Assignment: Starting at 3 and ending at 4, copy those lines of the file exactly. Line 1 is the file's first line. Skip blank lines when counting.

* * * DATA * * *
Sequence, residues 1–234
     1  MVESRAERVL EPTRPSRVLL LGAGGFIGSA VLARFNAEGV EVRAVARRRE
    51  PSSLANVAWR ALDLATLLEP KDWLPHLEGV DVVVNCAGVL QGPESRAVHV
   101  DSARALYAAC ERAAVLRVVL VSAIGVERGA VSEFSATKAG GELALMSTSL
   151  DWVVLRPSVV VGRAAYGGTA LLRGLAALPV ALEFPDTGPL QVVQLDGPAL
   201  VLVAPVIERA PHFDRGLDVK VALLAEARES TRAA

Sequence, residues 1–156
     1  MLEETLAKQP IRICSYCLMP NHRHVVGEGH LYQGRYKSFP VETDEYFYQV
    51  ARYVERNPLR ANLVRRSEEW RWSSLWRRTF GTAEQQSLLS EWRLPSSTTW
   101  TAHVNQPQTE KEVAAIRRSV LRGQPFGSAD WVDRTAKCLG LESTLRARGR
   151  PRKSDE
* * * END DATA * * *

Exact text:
    51  PSSLANVAWR ALDLATLLEP KDWLPHLEGV DVVVNCAGVL QGPESRAVHV
   101  DSARALYAAC ERAAVLRVVL VSAIGVERGA VSEFSATKAG GELALMSTSL